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Childcare marketsCan they deliver an equitable service?$
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Eva Lloyd and Helen Penn

Print publication date: 2012

Print ISBN-13: 9781847429339

Published to Policy Press Scholarship Online: January 2013

DOI: 10.1332/policypress/9781847429339.001.0001

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PRINTED FROM POLICY PRESS SCHOLARSHIP ONLINE (www.policypress.universitypressscholarship.com). (c) Copyright Policy Press, 2022. All Rights Reserved. An individual user may print out a PDF of a single chapter of a monograph in PPSO for personal use.date: 25 May 2022

Markets and childcare provision in New Zealand: towards a fairer alternative

Markets and childcare provision in New Zealand: towards a fairer alternative

(p.97) Six Markets and childcare provision in New Zealand: towards a fairer alternative
Childcare markets

Linda Mitchell

Policy Press

This chapter reviews early childhood education policies in New Zealand in the last two decades. Fundamental shifts have occurred in government resourcing of early childhood education and in policies to support a coherent national framework of curriculum, regulations, and funding. Nevertheless, a market approach to provision of early childhood services remains and is increasingly problematic. A rapid growth has occurred in the provision of private and increasingly corporate childcare services, while the community-based sector has declined or has been slow to develop. The market approach has led to duplications and gaps in early childhood provision, and has produced inequities in access particularly for low income, ethnically diverse and rural families. Increasingly, children attend more than one early childhood service to suit the needs of their families. Quality differentials between private and community-based services exist, favouring community-based services.The chapter argues that instead of a market approach, a model of state and community partnership in the provision of early childhood services can build services that are responsive to the wider context of children's lives, support a stronger sense of community at local level, and promote a socially just world.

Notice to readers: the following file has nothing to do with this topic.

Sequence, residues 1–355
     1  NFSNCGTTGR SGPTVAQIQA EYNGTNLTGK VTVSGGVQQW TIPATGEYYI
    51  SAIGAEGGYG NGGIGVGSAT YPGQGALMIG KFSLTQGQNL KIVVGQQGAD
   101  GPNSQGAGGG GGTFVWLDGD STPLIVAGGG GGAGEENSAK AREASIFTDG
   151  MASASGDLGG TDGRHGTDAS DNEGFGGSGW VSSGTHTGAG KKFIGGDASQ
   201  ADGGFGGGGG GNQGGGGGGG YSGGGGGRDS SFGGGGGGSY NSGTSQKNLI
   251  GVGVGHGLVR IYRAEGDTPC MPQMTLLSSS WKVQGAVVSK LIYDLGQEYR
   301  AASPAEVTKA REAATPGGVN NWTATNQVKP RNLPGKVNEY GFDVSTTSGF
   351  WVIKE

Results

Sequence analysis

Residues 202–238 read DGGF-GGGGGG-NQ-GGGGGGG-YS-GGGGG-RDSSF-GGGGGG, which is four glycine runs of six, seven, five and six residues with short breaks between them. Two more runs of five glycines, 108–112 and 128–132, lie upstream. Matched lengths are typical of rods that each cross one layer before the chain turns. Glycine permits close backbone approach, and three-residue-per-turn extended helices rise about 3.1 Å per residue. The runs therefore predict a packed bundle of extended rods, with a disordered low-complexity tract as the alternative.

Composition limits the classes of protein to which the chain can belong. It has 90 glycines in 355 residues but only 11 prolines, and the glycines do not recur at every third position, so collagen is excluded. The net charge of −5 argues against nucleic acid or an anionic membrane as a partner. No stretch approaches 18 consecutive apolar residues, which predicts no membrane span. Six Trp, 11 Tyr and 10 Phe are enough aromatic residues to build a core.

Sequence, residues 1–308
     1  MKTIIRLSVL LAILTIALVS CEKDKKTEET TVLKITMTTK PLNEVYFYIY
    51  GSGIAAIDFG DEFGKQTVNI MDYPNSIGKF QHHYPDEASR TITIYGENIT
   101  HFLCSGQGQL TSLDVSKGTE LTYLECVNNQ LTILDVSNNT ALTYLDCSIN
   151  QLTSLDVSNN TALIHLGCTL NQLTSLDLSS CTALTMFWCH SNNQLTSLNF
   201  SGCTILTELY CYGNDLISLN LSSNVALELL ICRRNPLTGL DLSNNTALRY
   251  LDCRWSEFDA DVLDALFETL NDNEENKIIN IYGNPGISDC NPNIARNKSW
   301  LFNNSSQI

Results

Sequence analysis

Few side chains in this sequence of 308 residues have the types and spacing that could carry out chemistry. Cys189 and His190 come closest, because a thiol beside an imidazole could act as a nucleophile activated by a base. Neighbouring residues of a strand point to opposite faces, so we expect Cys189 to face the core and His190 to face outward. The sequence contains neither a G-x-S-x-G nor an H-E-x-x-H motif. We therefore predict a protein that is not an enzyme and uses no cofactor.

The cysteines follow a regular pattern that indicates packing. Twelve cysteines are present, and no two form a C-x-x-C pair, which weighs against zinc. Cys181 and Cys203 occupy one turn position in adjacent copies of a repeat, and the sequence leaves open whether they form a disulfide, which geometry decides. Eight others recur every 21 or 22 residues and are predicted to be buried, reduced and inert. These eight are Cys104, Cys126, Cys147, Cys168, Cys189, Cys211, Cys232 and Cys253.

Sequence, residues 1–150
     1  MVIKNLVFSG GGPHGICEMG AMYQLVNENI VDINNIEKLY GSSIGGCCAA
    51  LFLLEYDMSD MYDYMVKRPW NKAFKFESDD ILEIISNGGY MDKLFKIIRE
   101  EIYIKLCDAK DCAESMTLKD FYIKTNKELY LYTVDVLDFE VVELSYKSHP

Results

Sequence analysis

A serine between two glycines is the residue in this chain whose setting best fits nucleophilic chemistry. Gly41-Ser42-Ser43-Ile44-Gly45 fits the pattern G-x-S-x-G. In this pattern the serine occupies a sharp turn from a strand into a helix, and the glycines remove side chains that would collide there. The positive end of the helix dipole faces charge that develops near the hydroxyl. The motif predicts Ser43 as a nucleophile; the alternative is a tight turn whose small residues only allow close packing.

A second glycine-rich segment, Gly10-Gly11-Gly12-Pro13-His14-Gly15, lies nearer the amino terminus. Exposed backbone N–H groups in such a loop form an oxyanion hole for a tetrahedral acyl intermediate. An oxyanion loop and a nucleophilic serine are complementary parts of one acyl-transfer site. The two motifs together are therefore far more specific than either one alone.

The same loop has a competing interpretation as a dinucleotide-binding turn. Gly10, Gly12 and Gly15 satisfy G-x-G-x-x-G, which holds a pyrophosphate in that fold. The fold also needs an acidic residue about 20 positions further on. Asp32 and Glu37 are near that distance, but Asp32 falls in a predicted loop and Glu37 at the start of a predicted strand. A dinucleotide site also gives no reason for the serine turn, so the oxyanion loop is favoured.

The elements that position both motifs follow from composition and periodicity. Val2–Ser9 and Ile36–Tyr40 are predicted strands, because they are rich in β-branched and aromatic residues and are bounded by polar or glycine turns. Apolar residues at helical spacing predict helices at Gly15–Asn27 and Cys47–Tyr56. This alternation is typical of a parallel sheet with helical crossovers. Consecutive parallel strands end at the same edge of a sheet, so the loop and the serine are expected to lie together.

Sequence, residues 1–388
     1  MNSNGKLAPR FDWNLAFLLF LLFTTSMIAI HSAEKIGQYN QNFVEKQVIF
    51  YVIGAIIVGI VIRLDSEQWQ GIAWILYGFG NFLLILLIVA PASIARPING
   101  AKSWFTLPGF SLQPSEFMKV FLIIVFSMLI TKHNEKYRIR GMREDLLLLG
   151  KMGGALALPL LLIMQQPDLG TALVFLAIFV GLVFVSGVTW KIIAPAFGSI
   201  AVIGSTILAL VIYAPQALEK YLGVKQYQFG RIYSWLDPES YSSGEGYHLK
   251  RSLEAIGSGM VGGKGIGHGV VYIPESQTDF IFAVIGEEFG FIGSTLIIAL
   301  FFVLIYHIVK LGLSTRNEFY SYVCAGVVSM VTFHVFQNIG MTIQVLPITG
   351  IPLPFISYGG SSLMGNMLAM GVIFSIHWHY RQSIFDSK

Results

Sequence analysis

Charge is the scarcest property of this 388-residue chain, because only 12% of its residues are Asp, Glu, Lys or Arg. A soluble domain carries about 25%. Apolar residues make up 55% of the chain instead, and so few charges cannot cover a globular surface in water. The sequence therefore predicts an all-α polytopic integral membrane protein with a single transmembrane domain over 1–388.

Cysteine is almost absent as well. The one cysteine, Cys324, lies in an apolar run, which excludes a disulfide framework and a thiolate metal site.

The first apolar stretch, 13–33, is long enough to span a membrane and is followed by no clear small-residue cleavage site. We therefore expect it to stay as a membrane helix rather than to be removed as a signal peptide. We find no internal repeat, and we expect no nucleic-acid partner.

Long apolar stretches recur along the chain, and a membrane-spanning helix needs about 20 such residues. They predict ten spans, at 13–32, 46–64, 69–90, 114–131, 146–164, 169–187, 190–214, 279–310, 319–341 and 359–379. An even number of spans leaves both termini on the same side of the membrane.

Keywords:   Minimal state, supportive state, Market approach, Corporate childcare, Teacher led provision, parent/whānau led provision, Quality differentials

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